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United States Department of Agriculture

Agricultural Research Service

Research Project: DEVELOPMENT OF AN INTEGRATED RISK MODEL FOR FOODBORNE ZOONOTIC PARASITES IN SWINE Title: Seroepidemiology of Toxoplasma Gondii in Zoo Animals in Selected Zoos in Midwestern United States

Authors
item DE Camps, Silvia - OHIO STATE U COLUMBUS
item Dubey, Jitender
item Saville, W J - OHIO STATE U COLUMBUS

Submitted to: Journal of Parasitology
Publication Type: Peer Reviewed Journal
Publication Acceptance Date: December 1, 2007
Publication Date: June 30, 2008
Citation: De Camps, S., Dubey, J.P., Saville, W.A. 2008. Seroepidemiology of toxoplasma gondii in zoo animals in selected zoos in midwestern United States. Journal of Parasitology. 94:648-653.

Interpretive Summary: Toxoplasma gondii is a single-celled parasite of all warm-blooded hosts worldwide. It causes mental retardation and loss of vision in children, and abortion in livestock. Cats are the main reservoir of T. gondii because they are the only hosts that can excrete the resistant stage (oocyst) of the parasite in the feces. Humans become infected by eating undercooked meat from infected animals and food and water contaminated with oocysts. Toxoplasmosis causes mortality in many species of animals in the zoos, especially wallabies. Scientists at the Beltsville Agricultural Research Center and from the Ohio State University report prevalence of T,. gondii in animals from 8 zoos. The results will be of interest to biologists, parasitologists, and veterinarians

Technical Abstract: Toxoplasma gondii infections in zoo animals are of interest because many captive animals die of clinical toxoplasmosis and because of the potential risk of exposure of children and elderly to T. gondii oocysts excreted by cats in the zoos. Seroprevalence of T. gondii antibodies in wild zoo felids, highly susceptible zoo species, and feral cats from 8 zoos of the midwestern United States was determined by using the modified agglutination test (MAT). A titer of 1:25 was considered indicative of T. gondii exposure. Among wild felids, antibodies to T. gondii were found in 6 (27.3%) of 22 cheetahs (Acynonyx jubatus jubatus), 2 of 4 lynx (Caracal caracal), 1 of 7 clouded leopard (Neofelis nebulosa), 1 of 5 Pallas cats (Otocolobus manul), 12 (54.5%) of 22 African lions (Panthera leo), 1 of 1 jaguar (Panthera onca), 1 of 1 Amur leopard (Panthera pardus orientalis), 1of 1 Persian leopard (Panthera pardus saxicolor), 5 (27.8%) of 18 Amur tigers (Panthera tigris altaica), 1 of 4 Fishing cat (Prionailurus viverrinus), 3 of 6 pumas (Puma concolor), 2 of 2 Texas pumas (Puma concolor stanleyana), and 5 of 14 (35.7%) snow leopards (Uncia uncia). Antibodies were found in 10 of 34 feral domestic cats (Felis domesticus) trapped in 3 zoos. Toxoplasma gondii oocysts were not found in any of the 78 fecal samples from wild and domestic cats. Among the macropods, antibodies were detected in 1 of 3 Dama wallaby (Macropus eugenii), 1 of 1 western grey kangaroo (Macropus fuliginosus melanops), 1 of 2 wallaroo (Macropus robustus), 6 of 8 Bennett’s wallabies (Macropus rufogriseus), 21 (61.8%) of 34 red kangaroos (Macropus rufus), and 1 of 1 dusky pademelon (Thylogale brunii). Among prosimians, antibodies were detected in 1 of 3 blue-eyed black lemur (Eulemur macaco flavifrons), 1 of 21 ring-tailed lemur (Lemur catta), 2 of 9 red-ruffed lemurs (Varecia variegata rubra), and 2 of 4 black and white ruffed lemurs (Varecia variegata variegate). Among the avian species tested, 2 of 3 bald eagles (Haliaeetus leucocephalus) were seropositive. Among 7 possible risk factors, sex, freezing meat temperature (above -13 C versus below -13 C), washing vegetables thoroughly, frequency of feral cat sightings on zoo grounds (occasionally versus frequently), frequency of feral cat control programs, capability of feral cats to enter hay/grain barn, and type of animal exhibit , exhibiting animals in open enclosures was the only factor identified as a significant risk (OR 3.22, P = 0.00).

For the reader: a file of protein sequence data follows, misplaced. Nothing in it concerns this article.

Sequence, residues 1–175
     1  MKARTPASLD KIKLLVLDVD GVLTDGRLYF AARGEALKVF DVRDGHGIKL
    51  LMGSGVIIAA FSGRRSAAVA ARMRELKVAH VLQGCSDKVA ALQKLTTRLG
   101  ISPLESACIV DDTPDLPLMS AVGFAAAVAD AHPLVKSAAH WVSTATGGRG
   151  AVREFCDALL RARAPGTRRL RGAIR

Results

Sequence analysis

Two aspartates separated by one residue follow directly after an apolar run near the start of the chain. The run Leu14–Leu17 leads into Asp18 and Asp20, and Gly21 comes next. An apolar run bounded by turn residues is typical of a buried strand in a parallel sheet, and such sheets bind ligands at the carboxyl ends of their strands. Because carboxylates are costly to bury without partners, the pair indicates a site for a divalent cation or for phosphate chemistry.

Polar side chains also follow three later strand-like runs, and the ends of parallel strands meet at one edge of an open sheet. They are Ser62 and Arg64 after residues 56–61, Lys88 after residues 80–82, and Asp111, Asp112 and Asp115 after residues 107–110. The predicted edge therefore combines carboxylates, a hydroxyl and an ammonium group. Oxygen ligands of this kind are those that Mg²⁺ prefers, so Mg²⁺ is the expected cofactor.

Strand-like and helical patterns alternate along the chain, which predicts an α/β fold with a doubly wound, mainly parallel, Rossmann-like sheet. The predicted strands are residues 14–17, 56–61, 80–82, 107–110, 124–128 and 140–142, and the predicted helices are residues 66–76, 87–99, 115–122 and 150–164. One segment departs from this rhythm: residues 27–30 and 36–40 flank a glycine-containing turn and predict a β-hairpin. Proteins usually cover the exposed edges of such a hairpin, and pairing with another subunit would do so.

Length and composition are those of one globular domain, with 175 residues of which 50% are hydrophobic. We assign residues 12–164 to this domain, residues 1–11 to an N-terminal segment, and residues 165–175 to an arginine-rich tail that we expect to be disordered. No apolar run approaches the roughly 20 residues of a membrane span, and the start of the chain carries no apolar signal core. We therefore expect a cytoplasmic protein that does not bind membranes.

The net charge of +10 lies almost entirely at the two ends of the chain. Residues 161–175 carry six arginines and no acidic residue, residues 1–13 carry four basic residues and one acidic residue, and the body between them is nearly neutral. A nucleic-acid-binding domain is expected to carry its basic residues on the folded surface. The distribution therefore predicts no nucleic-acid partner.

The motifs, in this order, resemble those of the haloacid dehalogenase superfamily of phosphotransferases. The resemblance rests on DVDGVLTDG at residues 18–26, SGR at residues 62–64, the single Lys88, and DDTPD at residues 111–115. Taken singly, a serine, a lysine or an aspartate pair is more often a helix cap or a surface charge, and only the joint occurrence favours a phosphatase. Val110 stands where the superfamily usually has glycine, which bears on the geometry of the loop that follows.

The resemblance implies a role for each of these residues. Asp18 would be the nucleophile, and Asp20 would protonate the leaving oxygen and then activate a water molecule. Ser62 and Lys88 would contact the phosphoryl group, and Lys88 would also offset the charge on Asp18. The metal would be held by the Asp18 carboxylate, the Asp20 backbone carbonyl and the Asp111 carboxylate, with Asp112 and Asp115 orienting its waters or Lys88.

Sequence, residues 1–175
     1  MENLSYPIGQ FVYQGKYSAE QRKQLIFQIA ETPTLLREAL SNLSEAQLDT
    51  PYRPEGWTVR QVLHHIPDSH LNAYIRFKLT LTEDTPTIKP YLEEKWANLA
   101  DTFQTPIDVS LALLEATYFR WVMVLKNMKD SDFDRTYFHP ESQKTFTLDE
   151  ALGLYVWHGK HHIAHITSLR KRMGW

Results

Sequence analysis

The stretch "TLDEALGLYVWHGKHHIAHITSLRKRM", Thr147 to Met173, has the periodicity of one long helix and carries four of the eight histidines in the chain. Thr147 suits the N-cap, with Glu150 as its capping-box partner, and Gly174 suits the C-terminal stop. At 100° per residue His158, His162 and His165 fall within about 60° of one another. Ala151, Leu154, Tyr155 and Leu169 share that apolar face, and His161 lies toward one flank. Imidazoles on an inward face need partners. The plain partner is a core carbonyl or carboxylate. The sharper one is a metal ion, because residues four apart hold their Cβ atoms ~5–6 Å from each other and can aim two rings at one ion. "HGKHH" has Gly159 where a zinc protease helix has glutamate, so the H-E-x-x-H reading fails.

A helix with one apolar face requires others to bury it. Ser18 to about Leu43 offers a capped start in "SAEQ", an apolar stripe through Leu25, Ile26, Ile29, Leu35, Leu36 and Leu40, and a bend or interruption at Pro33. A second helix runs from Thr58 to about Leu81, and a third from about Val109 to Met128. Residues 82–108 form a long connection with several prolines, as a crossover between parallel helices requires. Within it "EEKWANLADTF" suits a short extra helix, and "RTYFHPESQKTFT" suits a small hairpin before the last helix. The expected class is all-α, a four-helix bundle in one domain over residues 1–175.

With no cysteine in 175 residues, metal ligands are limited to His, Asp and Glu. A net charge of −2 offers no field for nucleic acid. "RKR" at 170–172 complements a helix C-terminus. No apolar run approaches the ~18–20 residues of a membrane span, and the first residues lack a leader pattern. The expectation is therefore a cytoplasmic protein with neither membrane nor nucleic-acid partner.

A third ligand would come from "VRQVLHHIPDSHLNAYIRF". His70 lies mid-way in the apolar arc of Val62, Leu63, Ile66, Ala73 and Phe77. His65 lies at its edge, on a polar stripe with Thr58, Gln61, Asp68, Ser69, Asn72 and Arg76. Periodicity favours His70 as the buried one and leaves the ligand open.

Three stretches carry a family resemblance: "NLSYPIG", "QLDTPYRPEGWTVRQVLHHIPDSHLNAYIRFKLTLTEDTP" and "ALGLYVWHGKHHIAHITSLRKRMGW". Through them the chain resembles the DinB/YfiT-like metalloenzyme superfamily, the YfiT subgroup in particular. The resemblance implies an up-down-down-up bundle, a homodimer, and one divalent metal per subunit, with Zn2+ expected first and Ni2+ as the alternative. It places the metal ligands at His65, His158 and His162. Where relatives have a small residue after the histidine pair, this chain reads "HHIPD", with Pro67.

Last Modified: 10/1/2014
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